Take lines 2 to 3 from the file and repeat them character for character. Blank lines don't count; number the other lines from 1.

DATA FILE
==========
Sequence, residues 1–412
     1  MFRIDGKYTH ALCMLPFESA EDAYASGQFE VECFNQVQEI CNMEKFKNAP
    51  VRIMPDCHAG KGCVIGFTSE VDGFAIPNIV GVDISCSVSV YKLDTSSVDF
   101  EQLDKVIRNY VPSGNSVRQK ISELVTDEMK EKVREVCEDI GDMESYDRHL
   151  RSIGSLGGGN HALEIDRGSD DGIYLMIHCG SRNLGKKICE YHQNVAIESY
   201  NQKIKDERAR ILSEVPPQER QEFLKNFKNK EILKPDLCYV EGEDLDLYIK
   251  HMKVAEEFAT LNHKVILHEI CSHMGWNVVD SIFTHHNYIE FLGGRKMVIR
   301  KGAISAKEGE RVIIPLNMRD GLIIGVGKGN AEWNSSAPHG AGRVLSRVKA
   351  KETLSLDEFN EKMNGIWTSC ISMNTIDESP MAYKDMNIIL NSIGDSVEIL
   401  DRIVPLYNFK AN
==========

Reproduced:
     1  MFRIDGKYTH ALCMLPFESA EDAYASGQFE VECFNQVQEI CNMEKFKNAP
    51  VRIMPDCHAG KGCVIGFTSE VDGFAIPNIV GVDISCSVSV YKLDTSSVDF